"Ducks are more considered as carriers, however, than as direct threats," said Johnson, who explained that ducks seem less likely to spread influenza to humans, but that they can infect other animals. Researchers in Mexico have not ruled out the possibility that a bird, such as a chicken or duck, was the original source of the latest outbreak, which could have jumped to pigs and then humans.
Both wild and domestic geese have been known to contract the infamous H5N1 virus.
The birds' broad ranges can pose a problem: "These birds can fly 1,000 miles a day at maximum," explained Yi Guan, of the University of Hong Kong, China. If geese raised for poultry come into contact with infected wild geese, the risk of influenza spreading to humans increases. Most cases involving geese began with poultry workers in Asian countries who had direct contact with sick or dead birds.
While not all birds can catch the flu, most are susceptible to Type A influenza that may spread to humans. Turkeys are no exception. Earlier this year, in fact, an H5 avian influenza virus surfaced on a turkey farm in southern British Columbia. It was quickly contained. Nevertheless, tens of thousands of turkeys have been slaughtered in Canada and elsewhere when such infections have been identified.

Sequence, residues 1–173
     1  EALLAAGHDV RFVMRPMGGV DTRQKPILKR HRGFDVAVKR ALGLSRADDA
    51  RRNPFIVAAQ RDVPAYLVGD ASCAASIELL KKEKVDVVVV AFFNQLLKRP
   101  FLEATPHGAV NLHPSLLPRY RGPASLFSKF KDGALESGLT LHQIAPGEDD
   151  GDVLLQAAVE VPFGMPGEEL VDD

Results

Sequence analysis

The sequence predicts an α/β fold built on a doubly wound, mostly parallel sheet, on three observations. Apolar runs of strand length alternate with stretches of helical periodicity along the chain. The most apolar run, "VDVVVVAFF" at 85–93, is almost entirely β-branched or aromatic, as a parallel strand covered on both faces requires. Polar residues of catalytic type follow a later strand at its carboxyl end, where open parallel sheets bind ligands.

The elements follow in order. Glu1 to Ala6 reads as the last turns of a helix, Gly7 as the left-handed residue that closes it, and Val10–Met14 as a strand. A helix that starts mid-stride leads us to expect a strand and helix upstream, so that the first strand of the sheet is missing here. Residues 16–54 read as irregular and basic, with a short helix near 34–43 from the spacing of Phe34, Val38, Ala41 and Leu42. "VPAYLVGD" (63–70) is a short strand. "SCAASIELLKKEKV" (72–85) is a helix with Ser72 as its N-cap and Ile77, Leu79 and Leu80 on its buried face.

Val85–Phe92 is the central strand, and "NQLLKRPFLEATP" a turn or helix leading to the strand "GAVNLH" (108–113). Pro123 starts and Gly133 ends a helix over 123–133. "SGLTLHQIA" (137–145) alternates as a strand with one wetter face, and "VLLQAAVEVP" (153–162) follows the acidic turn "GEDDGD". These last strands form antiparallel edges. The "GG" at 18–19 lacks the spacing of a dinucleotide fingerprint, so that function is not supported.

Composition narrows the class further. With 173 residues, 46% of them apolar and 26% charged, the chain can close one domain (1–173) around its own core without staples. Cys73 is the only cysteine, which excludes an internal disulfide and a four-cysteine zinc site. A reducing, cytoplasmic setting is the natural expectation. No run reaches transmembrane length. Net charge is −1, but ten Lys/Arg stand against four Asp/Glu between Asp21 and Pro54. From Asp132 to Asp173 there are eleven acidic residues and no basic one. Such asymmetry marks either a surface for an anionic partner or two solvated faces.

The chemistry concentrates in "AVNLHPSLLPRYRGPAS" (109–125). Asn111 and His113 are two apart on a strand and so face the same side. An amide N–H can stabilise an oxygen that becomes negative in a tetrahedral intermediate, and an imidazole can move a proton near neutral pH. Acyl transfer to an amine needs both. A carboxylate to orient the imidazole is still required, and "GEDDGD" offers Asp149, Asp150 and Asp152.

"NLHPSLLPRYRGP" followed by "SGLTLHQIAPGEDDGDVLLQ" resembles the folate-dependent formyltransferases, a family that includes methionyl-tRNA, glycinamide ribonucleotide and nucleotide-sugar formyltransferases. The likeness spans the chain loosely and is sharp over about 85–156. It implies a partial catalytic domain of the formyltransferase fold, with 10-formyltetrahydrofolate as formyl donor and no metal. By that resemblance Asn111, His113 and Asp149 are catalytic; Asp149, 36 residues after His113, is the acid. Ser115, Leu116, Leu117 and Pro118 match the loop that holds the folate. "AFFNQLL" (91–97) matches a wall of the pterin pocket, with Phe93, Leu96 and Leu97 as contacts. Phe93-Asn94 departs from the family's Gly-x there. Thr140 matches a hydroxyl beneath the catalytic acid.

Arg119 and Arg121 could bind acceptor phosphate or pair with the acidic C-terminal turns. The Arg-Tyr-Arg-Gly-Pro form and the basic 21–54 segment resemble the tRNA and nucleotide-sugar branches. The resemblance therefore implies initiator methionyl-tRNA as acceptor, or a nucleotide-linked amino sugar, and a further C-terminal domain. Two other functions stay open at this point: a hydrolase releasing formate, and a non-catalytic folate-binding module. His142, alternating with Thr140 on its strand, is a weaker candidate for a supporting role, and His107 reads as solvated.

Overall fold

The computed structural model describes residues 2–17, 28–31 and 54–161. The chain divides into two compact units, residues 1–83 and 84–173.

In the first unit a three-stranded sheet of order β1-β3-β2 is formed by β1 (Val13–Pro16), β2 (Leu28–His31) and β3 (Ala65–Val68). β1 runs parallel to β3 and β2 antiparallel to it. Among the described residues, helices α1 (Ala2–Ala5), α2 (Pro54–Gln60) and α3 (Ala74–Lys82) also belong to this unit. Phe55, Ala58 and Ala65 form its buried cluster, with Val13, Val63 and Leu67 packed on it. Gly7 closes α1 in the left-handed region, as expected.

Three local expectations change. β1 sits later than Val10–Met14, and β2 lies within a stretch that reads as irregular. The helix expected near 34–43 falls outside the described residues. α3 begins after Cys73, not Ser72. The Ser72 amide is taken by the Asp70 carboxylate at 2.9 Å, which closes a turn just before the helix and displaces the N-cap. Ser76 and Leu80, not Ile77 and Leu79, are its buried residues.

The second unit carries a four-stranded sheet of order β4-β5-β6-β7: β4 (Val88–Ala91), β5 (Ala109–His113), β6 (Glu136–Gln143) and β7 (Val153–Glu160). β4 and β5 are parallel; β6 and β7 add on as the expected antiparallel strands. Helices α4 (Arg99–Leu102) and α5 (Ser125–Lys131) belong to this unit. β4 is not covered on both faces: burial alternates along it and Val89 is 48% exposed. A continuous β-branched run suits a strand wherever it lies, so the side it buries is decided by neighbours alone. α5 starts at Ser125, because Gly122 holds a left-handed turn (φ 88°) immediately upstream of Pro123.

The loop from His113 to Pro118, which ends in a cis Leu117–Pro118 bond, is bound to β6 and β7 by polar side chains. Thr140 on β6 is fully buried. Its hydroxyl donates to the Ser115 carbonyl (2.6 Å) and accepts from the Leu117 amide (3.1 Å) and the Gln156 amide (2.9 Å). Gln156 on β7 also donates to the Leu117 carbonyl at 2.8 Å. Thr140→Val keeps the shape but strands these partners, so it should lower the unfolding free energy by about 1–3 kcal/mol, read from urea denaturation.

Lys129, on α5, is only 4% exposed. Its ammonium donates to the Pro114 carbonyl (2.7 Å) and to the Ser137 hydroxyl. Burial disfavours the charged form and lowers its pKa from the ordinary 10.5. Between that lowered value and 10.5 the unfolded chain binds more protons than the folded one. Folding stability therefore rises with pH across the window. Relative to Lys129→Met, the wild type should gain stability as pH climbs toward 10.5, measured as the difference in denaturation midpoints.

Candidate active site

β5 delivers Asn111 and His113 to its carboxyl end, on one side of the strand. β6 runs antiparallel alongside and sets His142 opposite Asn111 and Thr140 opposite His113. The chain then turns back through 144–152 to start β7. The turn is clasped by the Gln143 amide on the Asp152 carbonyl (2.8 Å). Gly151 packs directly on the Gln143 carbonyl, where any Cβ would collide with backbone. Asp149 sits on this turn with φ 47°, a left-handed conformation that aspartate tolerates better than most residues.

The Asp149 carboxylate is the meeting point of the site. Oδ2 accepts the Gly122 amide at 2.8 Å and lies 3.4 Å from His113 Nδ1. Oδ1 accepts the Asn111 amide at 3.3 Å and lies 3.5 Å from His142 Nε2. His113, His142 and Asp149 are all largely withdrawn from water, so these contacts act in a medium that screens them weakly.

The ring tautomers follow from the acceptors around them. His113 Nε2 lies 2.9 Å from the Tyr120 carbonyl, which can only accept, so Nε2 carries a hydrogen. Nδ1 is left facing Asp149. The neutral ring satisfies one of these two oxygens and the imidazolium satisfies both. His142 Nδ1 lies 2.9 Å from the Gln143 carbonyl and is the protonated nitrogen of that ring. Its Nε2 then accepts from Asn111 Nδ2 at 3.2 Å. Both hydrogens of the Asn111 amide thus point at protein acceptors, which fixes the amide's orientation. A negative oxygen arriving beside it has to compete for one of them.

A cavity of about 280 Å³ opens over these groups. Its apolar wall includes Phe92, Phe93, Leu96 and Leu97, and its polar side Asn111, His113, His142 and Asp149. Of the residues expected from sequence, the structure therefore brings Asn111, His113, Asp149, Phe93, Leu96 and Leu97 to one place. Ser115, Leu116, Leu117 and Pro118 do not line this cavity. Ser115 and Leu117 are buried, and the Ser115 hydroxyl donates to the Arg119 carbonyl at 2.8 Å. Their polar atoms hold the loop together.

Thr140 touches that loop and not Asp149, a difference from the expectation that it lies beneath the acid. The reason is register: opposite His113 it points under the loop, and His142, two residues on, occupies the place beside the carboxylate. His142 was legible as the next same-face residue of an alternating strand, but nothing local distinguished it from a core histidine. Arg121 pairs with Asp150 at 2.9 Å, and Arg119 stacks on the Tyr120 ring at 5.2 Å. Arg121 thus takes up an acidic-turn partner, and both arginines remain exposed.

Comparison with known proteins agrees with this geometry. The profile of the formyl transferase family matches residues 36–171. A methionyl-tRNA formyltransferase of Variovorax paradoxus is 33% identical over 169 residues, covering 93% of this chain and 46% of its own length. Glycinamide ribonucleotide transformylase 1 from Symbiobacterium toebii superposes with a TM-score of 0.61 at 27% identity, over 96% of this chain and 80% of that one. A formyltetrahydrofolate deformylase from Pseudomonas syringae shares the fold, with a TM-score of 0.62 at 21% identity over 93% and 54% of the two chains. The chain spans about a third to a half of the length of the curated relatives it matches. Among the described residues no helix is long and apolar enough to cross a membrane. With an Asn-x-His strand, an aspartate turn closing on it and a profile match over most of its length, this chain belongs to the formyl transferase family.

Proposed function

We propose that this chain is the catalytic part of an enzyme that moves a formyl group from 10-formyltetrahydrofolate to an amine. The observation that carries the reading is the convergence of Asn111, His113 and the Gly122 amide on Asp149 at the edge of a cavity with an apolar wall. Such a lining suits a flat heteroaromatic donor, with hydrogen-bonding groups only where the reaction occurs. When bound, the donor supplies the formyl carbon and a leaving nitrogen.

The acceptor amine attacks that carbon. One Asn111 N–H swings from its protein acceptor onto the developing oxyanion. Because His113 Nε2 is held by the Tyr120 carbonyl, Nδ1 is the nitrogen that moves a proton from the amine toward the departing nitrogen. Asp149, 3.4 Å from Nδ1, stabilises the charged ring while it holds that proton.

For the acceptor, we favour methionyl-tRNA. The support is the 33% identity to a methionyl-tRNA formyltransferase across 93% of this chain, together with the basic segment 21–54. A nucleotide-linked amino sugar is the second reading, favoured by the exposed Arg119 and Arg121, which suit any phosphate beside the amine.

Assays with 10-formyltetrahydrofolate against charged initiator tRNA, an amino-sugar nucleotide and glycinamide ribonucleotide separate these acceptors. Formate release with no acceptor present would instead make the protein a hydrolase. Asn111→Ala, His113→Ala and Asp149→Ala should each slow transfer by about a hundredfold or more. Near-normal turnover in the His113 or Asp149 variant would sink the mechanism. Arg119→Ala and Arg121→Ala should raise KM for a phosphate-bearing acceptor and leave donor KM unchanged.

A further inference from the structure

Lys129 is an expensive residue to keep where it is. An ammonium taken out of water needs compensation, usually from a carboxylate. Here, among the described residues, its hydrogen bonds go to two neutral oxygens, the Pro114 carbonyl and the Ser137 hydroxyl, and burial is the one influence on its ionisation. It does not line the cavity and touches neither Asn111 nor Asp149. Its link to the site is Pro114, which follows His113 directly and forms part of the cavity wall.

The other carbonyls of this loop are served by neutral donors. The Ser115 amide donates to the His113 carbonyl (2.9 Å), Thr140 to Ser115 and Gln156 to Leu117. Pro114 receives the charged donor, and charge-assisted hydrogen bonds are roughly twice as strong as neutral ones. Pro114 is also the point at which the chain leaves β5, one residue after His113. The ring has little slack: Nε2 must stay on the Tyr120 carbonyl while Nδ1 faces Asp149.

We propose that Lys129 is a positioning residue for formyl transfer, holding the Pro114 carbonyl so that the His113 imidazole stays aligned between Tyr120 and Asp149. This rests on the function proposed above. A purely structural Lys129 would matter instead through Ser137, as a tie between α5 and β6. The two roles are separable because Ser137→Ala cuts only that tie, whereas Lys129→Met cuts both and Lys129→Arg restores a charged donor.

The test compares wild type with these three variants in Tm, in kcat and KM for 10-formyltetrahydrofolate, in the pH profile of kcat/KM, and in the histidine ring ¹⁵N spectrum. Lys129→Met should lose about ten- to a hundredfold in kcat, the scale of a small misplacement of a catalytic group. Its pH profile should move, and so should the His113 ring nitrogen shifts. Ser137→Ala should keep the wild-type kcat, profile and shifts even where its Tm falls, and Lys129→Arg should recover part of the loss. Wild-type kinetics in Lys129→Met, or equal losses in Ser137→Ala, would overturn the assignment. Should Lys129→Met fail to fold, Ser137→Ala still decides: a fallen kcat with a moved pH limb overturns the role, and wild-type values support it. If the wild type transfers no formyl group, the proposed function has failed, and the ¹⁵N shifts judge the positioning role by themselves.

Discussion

In 2004, for example, British Columbia's Fraser River Valley experienced an outbreak that affected 40 commercial farms and led to the culling of 17 million birds, according to the Center for Infectious Disease Research and Policy.
Suppliers maintain rigid guidelines to ensure public safety. "We often criticize factory farms, but in this case modern production has helped to reduce direct contact with animals, thus staving off infections," Vaillancourt told Discovery News. "In Asia and Mexico, many families live with their poultry and other animals raised for food, so they remain in close proximity to them."
According to the CDC, horses too can become infected with Type A influenza viruses.
"People with horses must handle them a lot, particularly around the facial area," said Marie Gramer, an assistant clinical professor of veterinary population medicine at the University of Minnesota's College of Veterinary Medicine. "When horses suffer from an influenza virus, they can cough, sneeze and have a runny nose just like we do."